The PTO General Assembly Meeting was, as usual, an exciting (wow) and exhausting (whew) experience. And interesting as well. You’ll find reports from Peter Welander (1, 2) and Gary Mintchell (1, 2, 3) in their blogs and magazines, but here are my conclusions from the meeting, gleaned from presentations and hallway conversations:
Fieldbuses are mainstream technology
PROFIBUS is the most widely-accepted fieldbus
PROFINET is growing rapidly
We celebrated shipping 20,000,000 PROFIBUS nodes. That goal was reached in April, a year or so ahead of our projections. That led us to state our next goal of 30,000,000 expected during 2009 even if growth tapers off from its current 25% per year to 0%. (I suppose it could slip into 2010 if annual shipments decline, but personally I find that scenario hard to imagine.) The story here is not the raw numbers, it’s the continuing growth.
There was some discussion around the fieldbus market share pie chart we showed. It does not include HART, although that generated no reaction. (HART is not a fieldbus; don’t get me started on that topic again.) There was some discussion over the absence of Modbus: “Is it a fieldbus or just a messaging system?” “Modbus nodes are impossible to count!” Most of the discussion centered on the absence of CANopen and AS-i. ARC reminded us that these are device-level networks, not fieldbuses.
All of this numbers stuff pointed to the reality of fieldbus acceptance. One of our members was asked about their sales of direct-wired vs. fieldbus instruments. No surprise that 95% of MRO orders are 4-20mA (the majority with HART). Existing installations are overwhelmingly direct wired. We knew that. The surprise for me was that while almost all new project orders begin with an inquiry about fieldbuses, less than half end that way! In follow up conversations after the meeting discussions, I got more data. Only about 40% end up with fieldbus capability, up from 25% a year or two ago. Up is good, but why are fieldbuses not universally installed? Anecdotal reasons: One, the large engineering firms are still reluctant to apply a fieldbus. Does this relate to the way they make their money? Two, inquiry becomes investigation; fieldbus is investigated and found too difficult. More likely with FF than PROFIBUS PA? (I’m repeating what I’ve heard here. I’ve never personally installed a fieldbus unless you count DH+.) I’m not trying to be negative about FF; I think we share a common challenge of promoting fieldbus use. What do you think? Why doesn’t every new project use a fieldbus? Process and discrete!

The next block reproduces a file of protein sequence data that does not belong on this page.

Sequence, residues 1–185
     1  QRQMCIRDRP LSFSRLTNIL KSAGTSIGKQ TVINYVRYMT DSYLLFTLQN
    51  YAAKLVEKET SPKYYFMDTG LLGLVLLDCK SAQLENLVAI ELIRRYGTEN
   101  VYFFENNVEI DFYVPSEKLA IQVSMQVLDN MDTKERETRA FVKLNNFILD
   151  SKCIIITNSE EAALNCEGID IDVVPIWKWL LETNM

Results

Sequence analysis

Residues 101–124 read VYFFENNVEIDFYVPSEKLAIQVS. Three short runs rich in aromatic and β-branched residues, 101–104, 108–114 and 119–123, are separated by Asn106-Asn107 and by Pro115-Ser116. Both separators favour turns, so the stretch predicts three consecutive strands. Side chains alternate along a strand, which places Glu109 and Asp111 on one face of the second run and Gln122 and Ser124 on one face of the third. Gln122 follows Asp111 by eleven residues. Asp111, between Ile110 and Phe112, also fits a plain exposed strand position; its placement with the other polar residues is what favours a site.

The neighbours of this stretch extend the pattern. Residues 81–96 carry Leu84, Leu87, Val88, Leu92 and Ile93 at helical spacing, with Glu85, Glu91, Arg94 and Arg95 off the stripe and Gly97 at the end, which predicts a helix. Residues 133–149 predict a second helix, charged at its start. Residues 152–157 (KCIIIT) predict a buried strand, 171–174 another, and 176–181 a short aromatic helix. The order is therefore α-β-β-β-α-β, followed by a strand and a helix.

PROFINET presentations centered on application stories and competitive analysis. The nice thing about the application stories was that we have some for safety and drives in addition to peer-to-peer and IO. As far as I can tell none of the other Industrial Ethernet technologies even have shipping product for safety and only EtherCat and Powerlink for motion control; at least I could not find any in their online catalogs. The competitive analysis was well-received. The great thing about presenting this analysis to this group is that they are all knowledgeable about the competitive technologies. Karsten Schneider of the PROFI Interface Center presented this topic and asked anyone who found an error to jump up and correct him if they spotted something amiss. There was one item found regarding the number of nodes that could be connected with Modbus TCP. So Karsten has to investigate and possibly change that one value.
Other news from the GAM:
Gary Mintchell presented the keynote: “Marketing as a Conversation” highlighting blogging and social networking technologies that apply to industrial automation. To prove his point he posted meeting photos on Flickr.
Khek Dengmanivanh presented two user applications. According to survey results to-date, Khek’s was the most well-received presentation. (User applications always are!)
SUE and Polly did make an appearance, but the big-name attendee was Karl Weber, (grand)father of PROFIBUS.
There was an update on OPC UA from Tom Burke, a market analysis from Harry Forbes of ARC, and lots of news and reports from PI and the technical working groups. Wolfgang Stripf presented on IO-Link, Application Profiles, and PROFIsafe. Wireless was covered by Harry Forbes of ARC and Hunter Harrington of the PROFI Interface Center.
The survey also says that the Wednesday evening entertainment (Casino Night) was fun, but there are a lot of suggestions to return to Jillian’s next year.
Scary revelation from a poll of members present – NONE use RSS. RSS is one of those things I can longer imagine being without.
Preceding the General Assembly Meeting we offered a class and a workshop. The PROFINET IRT Class on Monday afternoon highlighted the “not just for motion control anymore” functionality of IRT. IRT, short for Isochronous Real Time, guarantees delivery of data regardless of other traffic (like TCP/IP) on the network. The PROFINET Developer Workshop on Tuesday was well attended – all but one of the attendees flew in for the event. Our next PROFINET Developer Workshop is October 23 in Boston.